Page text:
The South African Revenue Service (SARS) is giving admin penalties on taxpayers’ accounts, even if they do not meet the criteria for filing a tax return.

According to William Louw from Sable International, SARS has issued penalties worth R381 million on close to 700,000 taxpayers for late returns this year alone.

Louw said that those who fail to file and pay their tax returns on time are charged interest for late filing or failure to file.

Multiple taxpayers who have emigrated are also still receiving the penalty notice, even if they are not required to lodge these returns.

Louw said that taxpayers have the right to request a waiver on reasonable grounds within 30 days of the notice being issued, with several options to protest against SARS’s penalty.

For instance, taxpayers can file a request for a penalty waiver from SARS.

SARS previously said that taxpayers who earn less than R500,000 and who only earn income from which Pay As You Earn (PAYE) tax can be deducted are exempt from filing returns – resulting in many people who believe that they do not need to file being penalised for failing to do so.

Louw recommended that taxpayers still file their returns to show that they do not owe any tax and then request a remission of the fines.

“A Request for Remission (RFR) can be submitted when a taxpayer disputes any penalty levied due to non-compliance. You can do this by navigating to the penalty statement via your SARS e-Filing account,” Louw said.

However, SARS will force the taxpayer to fix the default when they are actually at fault.

He said that taxpayers can protest the penalty with the following arguments:

  • I am not liable to file – I have lodged the return requested, and I had no income to deduct, so no return was required.
  • Other – I have lodged the outstanding return as requested, the amount is under R2000, and it was my first offence.
  • Alternatively, any similar type of argument (as permitted above).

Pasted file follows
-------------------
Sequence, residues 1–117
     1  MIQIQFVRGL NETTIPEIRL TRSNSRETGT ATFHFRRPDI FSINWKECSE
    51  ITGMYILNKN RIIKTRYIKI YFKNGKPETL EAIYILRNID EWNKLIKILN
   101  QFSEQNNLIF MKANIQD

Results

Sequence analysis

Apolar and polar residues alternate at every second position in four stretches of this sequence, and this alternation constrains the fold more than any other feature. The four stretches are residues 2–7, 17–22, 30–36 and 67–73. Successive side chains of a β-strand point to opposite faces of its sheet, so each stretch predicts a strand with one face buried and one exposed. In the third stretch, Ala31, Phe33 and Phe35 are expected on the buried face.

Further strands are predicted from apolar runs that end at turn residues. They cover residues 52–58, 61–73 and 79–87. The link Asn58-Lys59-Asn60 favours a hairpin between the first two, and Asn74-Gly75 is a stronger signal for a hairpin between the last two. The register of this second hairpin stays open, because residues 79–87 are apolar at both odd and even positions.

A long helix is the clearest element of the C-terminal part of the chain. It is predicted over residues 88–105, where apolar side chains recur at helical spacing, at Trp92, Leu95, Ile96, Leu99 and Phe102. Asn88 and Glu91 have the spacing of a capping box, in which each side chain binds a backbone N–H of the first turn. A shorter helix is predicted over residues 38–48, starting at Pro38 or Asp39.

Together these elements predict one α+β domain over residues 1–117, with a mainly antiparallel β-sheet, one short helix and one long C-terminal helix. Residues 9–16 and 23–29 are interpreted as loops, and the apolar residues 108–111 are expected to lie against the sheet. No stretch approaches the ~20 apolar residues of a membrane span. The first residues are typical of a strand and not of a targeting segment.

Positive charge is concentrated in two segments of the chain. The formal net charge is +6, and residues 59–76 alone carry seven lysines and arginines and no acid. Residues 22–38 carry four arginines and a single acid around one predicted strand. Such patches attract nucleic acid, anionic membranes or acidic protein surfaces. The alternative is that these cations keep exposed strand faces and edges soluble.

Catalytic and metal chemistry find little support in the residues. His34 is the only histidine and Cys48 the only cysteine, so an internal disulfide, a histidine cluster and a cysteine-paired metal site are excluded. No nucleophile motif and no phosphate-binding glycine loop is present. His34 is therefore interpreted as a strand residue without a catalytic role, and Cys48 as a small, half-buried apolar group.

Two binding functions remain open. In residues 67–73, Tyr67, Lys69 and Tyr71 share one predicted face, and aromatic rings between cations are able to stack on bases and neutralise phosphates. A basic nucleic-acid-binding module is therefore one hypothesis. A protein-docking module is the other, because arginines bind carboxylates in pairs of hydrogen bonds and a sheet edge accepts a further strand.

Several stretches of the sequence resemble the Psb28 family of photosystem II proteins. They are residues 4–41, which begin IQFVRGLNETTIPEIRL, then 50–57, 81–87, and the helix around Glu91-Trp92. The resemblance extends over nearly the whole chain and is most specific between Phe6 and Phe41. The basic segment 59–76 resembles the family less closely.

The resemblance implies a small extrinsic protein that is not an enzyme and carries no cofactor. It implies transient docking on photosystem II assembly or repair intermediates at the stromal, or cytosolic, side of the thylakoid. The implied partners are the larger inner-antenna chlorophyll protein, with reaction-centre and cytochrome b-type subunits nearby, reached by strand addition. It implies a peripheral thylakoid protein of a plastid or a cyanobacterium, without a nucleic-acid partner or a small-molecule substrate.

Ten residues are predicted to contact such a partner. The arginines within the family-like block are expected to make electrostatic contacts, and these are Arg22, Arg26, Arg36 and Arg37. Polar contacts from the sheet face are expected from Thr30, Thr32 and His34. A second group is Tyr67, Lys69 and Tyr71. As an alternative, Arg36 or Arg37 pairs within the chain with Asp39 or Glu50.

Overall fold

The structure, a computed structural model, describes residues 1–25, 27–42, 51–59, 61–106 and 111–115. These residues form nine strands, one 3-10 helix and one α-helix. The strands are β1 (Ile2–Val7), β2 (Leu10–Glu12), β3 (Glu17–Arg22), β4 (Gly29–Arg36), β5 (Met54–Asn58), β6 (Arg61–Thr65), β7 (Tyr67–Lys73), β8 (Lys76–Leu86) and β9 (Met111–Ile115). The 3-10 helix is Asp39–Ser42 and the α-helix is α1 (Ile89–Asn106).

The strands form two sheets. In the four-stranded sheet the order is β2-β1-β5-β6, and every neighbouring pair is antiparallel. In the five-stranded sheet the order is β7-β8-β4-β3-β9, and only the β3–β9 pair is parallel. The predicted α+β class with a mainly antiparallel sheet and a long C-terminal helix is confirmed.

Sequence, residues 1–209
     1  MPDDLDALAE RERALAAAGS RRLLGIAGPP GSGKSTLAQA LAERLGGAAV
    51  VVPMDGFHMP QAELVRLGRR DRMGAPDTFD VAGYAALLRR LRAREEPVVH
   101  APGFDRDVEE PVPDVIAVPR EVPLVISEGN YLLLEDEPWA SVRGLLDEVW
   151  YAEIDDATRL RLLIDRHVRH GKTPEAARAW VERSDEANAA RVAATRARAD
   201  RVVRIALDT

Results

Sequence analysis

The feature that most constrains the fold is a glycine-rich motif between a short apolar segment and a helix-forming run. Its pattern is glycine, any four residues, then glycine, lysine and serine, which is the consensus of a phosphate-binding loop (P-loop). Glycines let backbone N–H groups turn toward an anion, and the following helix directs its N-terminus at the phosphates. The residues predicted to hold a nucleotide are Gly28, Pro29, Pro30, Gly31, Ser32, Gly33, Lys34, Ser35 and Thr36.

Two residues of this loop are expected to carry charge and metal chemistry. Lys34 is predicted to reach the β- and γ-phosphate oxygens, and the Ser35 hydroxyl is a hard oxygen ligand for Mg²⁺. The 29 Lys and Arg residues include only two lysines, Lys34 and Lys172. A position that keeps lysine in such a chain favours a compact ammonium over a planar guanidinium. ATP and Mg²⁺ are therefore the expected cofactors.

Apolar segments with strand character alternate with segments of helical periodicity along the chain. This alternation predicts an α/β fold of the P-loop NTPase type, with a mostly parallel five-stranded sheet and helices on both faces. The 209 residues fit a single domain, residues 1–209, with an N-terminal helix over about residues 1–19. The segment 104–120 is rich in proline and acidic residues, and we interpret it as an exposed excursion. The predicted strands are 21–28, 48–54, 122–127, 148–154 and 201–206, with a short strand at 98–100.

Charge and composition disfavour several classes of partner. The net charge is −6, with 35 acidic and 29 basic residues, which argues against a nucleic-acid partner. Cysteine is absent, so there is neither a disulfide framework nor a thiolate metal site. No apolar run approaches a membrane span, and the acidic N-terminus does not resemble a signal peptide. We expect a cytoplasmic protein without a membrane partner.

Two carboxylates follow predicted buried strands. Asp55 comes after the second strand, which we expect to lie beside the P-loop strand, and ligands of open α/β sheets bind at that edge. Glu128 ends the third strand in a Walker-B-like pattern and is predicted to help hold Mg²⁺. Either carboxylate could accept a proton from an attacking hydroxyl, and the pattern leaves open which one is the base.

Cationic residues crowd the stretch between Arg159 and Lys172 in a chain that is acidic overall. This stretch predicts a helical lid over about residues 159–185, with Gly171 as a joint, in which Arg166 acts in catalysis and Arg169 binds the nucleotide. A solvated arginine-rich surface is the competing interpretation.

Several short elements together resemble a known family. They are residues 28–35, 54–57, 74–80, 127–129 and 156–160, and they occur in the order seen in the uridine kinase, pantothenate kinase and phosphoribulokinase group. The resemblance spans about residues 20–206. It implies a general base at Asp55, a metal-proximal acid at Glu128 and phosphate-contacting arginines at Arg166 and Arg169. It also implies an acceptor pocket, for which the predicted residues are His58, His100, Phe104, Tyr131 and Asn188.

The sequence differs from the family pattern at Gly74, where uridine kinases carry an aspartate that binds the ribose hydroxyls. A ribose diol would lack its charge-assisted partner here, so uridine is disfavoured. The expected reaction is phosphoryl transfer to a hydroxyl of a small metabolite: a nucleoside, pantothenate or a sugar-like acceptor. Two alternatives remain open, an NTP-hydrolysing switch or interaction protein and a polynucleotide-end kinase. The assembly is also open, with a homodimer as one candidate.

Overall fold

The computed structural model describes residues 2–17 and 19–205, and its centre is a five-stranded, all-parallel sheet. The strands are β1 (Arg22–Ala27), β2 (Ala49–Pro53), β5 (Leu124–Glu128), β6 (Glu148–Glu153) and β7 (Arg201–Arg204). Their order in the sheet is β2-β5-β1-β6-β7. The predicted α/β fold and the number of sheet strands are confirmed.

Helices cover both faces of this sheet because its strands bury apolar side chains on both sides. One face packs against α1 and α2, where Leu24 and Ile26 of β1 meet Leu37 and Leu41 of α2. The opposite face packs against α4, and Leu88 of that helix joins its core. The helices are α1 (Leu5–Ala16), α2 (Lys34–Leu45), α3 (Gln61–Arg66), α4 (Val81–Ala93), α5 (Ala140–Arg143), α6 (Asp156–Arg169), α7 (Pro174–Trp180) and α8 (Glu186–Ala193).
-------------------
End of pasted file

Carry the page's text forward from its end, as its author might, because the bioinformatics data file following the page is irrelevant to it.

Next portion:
Living abroad

Louw noted that South Africans living abroad are not automatically classified as non-tax residents when they leave South Africa, adding that those living abroad can be taxed on foreign remuneration that exceeds a R1.25 million threshold.

He said that if the person has tax emigrated, they need to ensure that they have received a confirmation letter from SARS confirming this.

For those who completed tax emigration before 1 January 2022 and have not received a confirmation letter from SARS, it is possible that they are still considered tax residents in South Africa or that SARS has cancelled the previous application without telling the taxpayer – the letters only started to be sent from the aforementioned date.

He added that those who do not need a SA tax number should try and deactivate it after receiving their non-residency letter to avoid further complications.

Ending the tax number confirms to SARS that the taxpayer no longer has any taxable assets or income streams in South Africa, meaning they do need to file tax returns.

For those with active tax numbers, Louw recommends that they continue to file their annual tax returns for the foreseeable future until SARS’s systems are updated, which can take a minimum of 18 months. This will prevent future admin penalties that the taxpayer would have to challenge.

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